At Sony Technology Day, held on September 18, 2019, technology exhibits were presented in three themes: “connect,” “empower,” and “exceed.” In this edition, we highlight technologies related to image sensors and robotics, which fall under the category of “Exceed”—technologies that create possibilities going beyond human capabilities.
Polarization image sensor technology that
captures characteristics of light invisible to humans
Polarization image sensors are able to visualize events that have never been seen by humans before. They do this by capturing polarization, the third element of light that cannot be seen by human eyes. This demo introduced an example in which scratches on a model car, which are virtually invisible to the human eye, can be clearly seen by passing it through a polarization sensor, as well as some examples of distortion detection in transparent objects such as the lenses of glasses.
Sony developed a sensor equipped with Polarsens,* the world's first technology capable of capturing polarized incident light with extremely high precision thanks to a microfine polarizer incorporated in each pixel using a sophisticated semiconductor process. By integrating this sensor with AI-powered signal processing, Sony is creating new value in various markets.
Automotive CMOS image sensor and sensor fusion technology
Sony’s automotive CMOS image sensors and its Sensor Fusion technology quickly detect changes in the surrounding environment and support prompt risk-avoidance behavior. This demo introduced how pedestrians and road signs can be seen with a camera equipped with an automotive CMOS image sensor even when illumination is so low that objects are not visible to human eyes, and how LED traffic signs and signal lights can be recognized without flickering.
Using the state-of-the-art CMOS image sensor technology cultivated for digital cameras and smartphones, Sony has further developed it to meet the automotive quality requirements and challenges to address difficult driving conditions, such as detecting objects under low illumination, detecting distant objects while driving at high speed, and LED flickering.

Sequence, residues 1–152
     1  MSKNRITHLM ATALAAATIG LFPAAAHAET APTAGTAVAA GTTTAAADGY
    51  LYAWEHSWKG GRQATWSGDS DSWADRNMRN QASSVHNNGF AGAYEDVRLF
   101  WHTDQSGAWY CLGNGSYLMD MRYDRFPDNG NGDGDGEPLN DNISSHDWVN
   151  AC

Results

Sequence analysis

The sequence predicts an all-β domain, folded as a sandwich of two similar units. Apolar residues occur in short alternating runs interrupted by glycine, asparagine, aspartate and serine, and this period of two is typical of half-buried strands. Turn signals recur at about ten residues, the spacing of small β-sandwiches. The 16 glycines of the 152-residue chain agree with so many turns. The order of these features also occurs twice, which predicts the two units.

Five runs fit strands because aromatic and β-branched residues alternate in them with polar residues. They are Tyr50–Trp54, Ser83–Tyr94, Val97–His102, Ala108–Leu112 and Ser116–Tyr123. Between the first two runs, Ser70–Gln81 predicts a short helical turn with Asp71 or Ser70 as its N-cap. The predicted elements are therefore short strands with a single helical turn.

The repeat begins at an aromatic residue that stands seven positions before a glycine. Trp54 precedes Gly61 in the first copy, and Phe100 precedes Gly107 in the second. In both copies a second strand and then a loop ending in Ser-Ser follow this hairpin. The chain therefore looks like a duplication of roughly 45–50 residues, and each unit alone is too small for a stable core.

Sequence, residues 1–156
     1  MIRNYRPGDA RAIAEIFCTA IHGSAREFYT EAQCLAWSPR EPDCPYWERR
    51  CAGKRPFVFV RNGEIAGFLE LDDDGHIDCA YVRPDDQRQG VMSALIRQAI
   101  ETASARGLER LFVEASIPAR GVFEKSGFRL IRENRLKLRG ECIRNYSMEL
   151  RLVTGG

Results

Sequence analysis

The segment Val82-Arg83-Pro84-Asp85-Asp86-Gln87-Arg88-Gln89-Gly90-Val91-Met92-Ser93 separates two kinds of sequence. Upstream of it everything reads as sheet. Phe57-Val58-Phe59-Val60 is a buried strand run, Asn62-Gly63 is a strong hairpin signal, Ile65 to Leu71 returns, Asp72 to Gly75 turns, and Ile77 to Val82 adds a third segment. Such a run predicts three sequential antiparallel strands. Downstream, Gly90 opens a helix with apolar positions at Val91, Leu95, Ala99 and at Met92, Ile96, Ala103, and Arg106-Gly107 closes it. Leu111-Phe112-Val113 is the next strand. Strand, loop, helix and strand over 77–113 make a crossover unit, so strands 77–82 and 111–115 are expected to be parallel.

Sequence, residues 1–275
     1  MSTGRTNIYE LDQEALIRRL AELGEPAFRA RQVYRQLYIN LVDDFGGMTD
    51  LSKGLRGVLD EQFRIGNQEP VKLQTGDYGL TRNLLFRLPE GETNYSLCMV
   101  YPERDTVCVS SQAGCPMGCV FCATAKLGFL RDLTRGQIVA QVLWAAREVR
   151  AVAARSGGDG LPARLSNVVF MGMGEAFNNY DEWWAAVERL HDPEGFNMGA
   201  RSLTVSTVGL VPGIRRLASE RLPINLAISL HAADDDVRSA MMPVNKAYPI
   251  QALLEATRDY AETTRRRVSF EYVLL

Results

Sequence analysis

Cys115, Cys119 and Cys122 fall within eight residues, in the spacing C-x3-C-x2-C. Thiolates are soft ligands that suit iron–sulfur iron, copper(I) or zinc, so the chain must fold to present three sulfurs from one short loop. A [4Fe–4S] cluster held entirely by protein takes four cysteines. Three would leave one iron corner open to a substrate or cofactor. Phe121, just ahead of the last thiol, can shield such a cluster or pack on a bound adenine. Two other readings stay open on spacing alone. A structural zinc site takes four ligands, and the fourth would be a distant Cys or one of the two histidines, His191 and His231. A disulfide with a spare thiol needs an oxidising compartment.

Furthermore, Sony’s Sensor Fusion technology, which combines CMOS image sensors and radar, provides highly accurate object recognition even in scenes of backlight and fog where the object shape cannot be captured by the camera alone, and in tunnels and on iron bridges where noise occurs due to the diffused reflection of radar signals. In conventional methods, object recognition is unified or associated the recognition result of individual sensors. In Sensor Fusion, raw data (data before processing) derived from the camera and radar are used to extract feature quantities of objects and integrate them, thereby enabling highly precise object recognition—technology that Sony, the sensor manufacturer, is uniquely positioned to make possible.
Low power vision sensing processor and
real-time 3D sensing technology
2D/3D spatial sensing systems that process a large number of image sensor inputs at once with a vision sensing processor on an edge device play an important role for autonomously driven robots such as aibo and drones. Self-position estimation, image recognition, and obstacle detection are performed using various sensors; meanwhile, safety, high speed, stability, and power saving are some of the challenges.
The newly developed vision sensing processor can process up to 12 image sensors, and gyroscopes, accelerometer sensors, and so forth and can measure the surrounding situation to estimate its own position and create a map of the environment. Since this vision sensing processor incorporates the inference function of Sony's open source Neural Network Library, it can also operate its own custom recognizers and inference devices created with the Neural Network Console.
Precision bilateral control that makes people more dexterous
In order to create robots capable of working in close cooperation with people, there are three critical technologies: force control, which allows the robot to interact with people and the environment; precise operational control, in which robots excel compared to humans; and intelligence.
This demo introduced how to achieve an interaction in a one-tenth scale world using force control and precise operation.
The operations carried out by the human are transmitted to the precision control robot on a one-tenth scale, and the feedback of the force from the robot is expanded 10 times to the human operator, enabling the operator to sense even a very small object as if touching it directly.
The core technologies that enable precise operation beyond the limits of human hands while feeling a small change in force are high-sensitivity force sensing, small tip mechanical structure, and precision control of position and force. In high-sensitivity force sensing, eight optical fibers are attached to the metal at the tip of a precision control robot, and the direction and magnitude of the applied force are determined by measuring the wavelength of light that changes due to metal deflection. The realization of bilateral control using this technology is a world's first*. *based on our research
Sony is committed to moving forward with its original research and technology development in
the hope that the technologies introduced on Sony Technology Day in the future will help to solve various social issues.